• Static member attributes: {Set to member for Active Directory. For OpenLDAP, posixGroup uses memberUid, while groupOfNames uses member}
    • Group mapping attributes: {Set to dn for Active Directory, or uid for OpenLDAP}
    • Group name attribute: {Set to cn for both Active Directory and OpenLDAP}
  • SSL/TLS Settings
    • CA cert file: {Location of CA cert file on the ClusterControl server}
    • Certificate file: {Location of TLS certificate file on the ClusterControl server}
    • Key file: {Location of TLS key file on the ClusterControl server}

3) Click the Save Settings button to save the configuration. At this point, LDAP authentication is NOT activated since we specified “No” under Enable LDAP Authentication. ClusterControl does not allow enabling LDAP authentication without a group mapping. Therefore, we need to set this to “No” at the initial stage where ClusterControl will only save the LDAP Configurations without activating it.

Migrating Group Mappings

1) Retrieve the old group mapping from the dcps database on the ClusterControl server:

$ mysql -uroot -p dcps
MariaDB> SELECT lg.id, lg.ldap_group_name AS "LDAP Group", r.role_name AS "Role", c.name AS "Team" FROM ldap_group_roles lg, roles r, companies c WHERE lg.role_id=r.id AND lg.company_id=c.id;
+----+------------+-------------+-------+
| id | LDAP Group | Role        | Team  |
+----+------------+-------------+-------+
|  1 | CN=DBA     | Super Admin | Admin |
|  2 | CN=Dev     | Admin       | Dev   |
+----+------------+-------------+-------+

Based on the above output, pay attention to the following:

  • LDAP Group: This mapping should be similar to the new LDAP Settings. However, in the new implementation, the attribute name (CN) should be specified as LDAP Settings → Advanced Settings → Group name attribute. When specifying the group mapping, just set the attribute value (DBA or Dev).
  • Role: There will be no role in the new user management. Instead, it is equivalent to user permission in the new user management which is “No Access”, “Read” or “Admin”.
  • Team: In the new user management, this term is corresponding to “group”. To check out the group, run s9s user --list-groups. A user must belong to a group, thus ClusterControl will automatically map the LDAP user with the mapped group. An LDAP group that is not mapped has no authorization to log into ClusterControl.

2) Now we need to create ClusterControl groups (or you can use any existing groups) for this purpose. Since we are going to have two LDAP groups to log into the ClusterControl system, we will create two ClusterControl groups called “DBA” and “Dev” to be mapped on. Go to ClusterControl → User Management → Teams and Users → Create Team and create the following groups:

  • DBA
  • Dev

3) Optionally, you can map a cluster to a group by going to ClusterControl → User Management → Access Control → Clusters. Click on the Add Team button for the corresponding cluster and specify the following:

  • Team: DBA (select from the dropdown)
  • Permissions: Admin

Repeat the same step to allow access for other groups to any cluster, as in this case is “Dev”.

4) Now we can perform the LDAP group mapping. Go to ClusterControl → User Management → LDAP Settings → Map LDAP Group, and specify the following for group DBA:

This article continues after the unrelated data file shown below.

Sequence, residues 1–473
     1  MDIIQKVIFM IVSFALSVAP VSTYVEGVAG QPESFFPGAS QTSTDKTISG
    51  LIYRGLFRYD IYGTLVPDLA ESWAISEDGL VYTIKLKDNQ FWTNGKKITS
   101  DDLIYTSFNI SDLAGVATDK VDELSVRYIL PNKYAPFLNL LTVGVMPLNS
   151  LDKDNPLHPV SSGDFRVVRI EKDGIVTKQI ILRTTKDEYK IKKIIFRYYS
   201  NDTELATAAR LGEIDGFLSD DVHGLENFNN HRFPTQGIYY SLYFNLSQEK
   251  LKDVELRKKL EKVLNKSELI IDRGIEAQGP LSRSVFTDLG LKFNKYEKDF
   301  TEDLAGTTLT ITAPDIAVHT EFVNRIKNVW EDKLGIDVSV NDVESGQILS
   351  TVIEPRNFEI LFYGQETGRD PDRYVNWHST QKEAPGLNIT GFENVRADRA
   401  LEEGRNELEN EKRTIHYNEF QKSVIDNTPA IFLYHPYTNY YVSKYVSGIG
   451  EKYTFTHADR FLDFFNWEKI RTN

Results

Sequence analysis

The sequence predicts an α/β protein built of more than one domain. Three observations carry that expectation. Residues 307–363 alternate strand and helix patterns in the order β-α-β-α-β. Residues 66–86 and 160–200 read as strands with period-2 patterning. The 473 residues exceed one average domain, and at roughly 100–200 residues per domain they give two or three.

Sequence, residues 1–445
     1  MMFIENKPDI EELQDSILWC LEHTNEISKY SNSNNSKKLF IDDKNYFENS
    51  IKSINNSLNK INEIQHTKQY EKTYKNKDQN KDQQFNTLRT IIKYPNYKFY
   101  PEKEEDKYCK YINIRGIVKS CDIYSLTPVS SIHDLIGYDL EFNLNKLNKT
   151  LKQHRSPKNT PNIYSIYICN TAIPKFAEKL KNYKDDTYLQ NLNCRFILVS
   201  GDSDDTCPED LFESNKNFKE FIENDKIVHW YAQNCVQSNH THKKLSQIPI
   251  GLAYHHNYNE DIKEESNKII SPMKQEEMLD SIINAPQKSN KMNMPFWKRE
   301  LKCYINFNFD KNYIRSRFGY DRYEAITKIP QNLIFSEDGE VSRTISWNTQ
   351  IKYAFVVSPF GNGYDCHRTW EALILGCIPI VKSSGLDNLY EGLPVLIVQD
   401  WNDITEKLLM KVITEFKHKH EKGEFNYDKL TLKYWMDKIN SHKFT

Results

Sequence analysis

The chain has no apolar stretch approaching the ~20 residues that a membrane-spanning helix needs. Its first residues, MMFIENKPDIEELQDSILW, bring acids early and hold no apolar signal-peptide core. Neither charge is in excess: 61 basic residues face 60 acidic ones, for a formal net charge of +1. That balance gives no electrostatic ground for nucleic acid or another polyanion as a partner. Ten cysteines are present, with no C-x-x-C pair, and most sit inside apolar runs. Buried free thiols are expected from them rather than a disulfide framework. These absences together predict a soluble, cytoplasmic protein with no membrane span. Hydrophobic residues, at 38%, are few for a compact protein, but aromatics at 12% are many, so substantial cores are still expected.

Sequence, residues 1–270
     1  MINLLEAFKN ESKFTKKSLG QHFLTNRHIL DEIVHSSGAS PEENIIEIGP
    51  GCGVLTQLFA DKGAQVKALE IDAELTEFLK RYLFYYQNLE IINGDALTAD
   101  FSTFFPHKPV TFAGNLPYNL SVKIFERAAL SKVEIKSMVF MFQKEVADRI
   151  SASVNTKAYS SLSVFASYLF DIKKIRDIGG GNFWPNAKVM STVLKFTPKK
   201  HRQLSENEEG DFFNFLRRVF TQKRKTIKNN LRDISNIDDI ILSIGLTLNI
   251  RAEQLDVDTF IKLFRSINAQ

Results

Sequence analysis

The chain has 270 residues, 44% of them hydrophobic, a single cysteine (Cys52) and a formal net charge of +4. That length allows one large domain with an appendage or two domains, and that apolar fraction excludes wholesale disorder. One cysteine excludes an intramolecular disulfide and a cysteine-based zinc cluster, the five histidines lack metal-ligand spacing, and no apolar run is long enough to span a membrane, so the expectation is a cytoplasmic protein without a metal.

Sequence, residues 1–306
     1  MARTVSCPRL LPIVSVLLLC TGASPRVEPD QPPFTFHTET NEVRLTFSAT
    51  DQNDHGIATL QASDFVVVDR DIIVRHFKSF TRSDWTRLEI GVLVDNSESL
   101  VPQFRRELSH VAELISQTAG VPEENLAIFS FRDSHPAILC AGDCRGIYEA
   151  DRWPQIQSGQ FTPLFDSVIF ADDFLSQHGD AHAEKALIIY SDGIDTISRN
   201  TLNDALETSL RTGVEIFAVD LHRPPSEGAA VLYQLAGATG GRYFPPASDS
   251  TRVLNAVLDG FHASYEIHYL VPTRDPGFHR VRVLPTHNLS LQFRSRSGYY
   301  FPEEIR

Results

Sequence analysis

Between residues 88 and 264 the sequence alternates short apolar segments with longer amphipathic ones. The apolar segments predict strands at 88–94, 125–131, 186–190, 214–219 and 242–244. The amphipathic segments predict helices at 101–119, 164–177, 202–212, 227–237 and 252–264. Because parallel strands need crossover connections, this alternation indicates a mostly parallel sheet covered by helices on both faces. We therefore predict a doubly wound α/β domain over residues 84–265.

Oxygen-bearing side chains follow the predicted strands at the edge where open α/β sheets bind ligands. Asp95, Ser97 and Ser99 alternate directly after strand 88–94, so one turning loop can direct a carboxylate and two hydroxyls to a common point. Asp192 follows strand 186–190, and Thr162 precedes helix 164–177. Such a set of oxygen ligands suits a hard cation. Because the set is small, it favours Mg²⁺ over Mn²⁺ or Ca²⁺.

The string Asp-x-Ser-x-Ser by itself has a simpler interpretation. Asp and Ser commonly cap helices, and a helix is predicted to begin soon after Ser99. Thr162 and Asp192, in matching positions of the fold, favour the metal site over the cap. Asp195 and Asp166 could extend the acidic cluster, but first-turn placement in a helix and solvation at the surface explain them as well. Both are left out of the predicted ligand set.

• ClusterControl Team: DBA
  • LDAP Group: DBA (which basically translates to CN=DBA,OU=Groups,DC=s9s,DC=com)

5) Repeat step #4 for the other groups, like in this case Dev:

  • ClusterControl Team: Dev
  • LDAP Group: Dev (which basically translates to CN=Dev,OU=Groups,DC=s9s,DC=com)

6) We can then enable the LDAP authentication by toggling ON Enable LDAP Authentication under ClusterControl → User Management → LDAP Settings → General Settings. Note that you can not delete the last group mapping entry in the list until you disable again LDAP Authentication. In simple words, enabling LDAP authentication is only allowed if there is at least one group mapping entry.

At this point, the LDAP configuration is complete. You may open a new browser and try to authenticate as an LDAP user. The username to log in is the value of Username Attributes.

Troubleshooting

  • ClusterControl Controller (cmon) will log all user authentication into /var/log/cmon.log. Observe this logfile when troubleshooting all LDAP authentication issues.
  • All LDAP configurations will be stored inside this configuration file, /etc/cmon-ldap.cnf. It is recommended to configure LDAP via the ClusterControl UI because any changes to this file will require a reload to the controller process, which is triggered automatically when configuring LDAP via the UI. You may also make direct modifications to the file, however, you have to reload the cmon service manually by using the systemctl restart cmon command, or service cmon restart.
  • For reference, a working LDAP authentication should have the configuration file, /etc/cmon-ldap.cnf looking something like this (example for Active Directory, without TLS):
    $ grep -v '^\s*$\|^\s*\#' /etc/cmon-ldap.cnf
    enabled = true
    ldapServerUri = "ldap://ad.s9s.com"
    ldapAdminUser = "cn=Administrator,cn=Users,dc=s9s,dc=com"
    ldapAdminPassword = "moyGp6pUwLZ"
    ldapUserSearchRoot = "cn=Users,dc=s9s,dc=com"
    ldapGroupSearchRoot = "ou=Groups,dc=s9s,dc=com"
    [ldap_settings]
    ldapUserClassName = ""
    ldapUsernameAttributes = "sAMAccountName"
    ldapRealnameAttributes = "displayName"
    ldapEmailAttributes = "userPrincipalName"
    ldapGroupClassName = ""
    ldapMemberAttributes = "member"
    ldapGroupIdAttributes = "dn"
    ldapGroupNameAttribute = "cn"
    [security]
    [mapping0]
    ldapGroupId   = "DBA"
    cmonGroupName = "DBA"
    [mapping1]
    ldapGroupId   = "Dev"
    cmonGroupName = "Dev"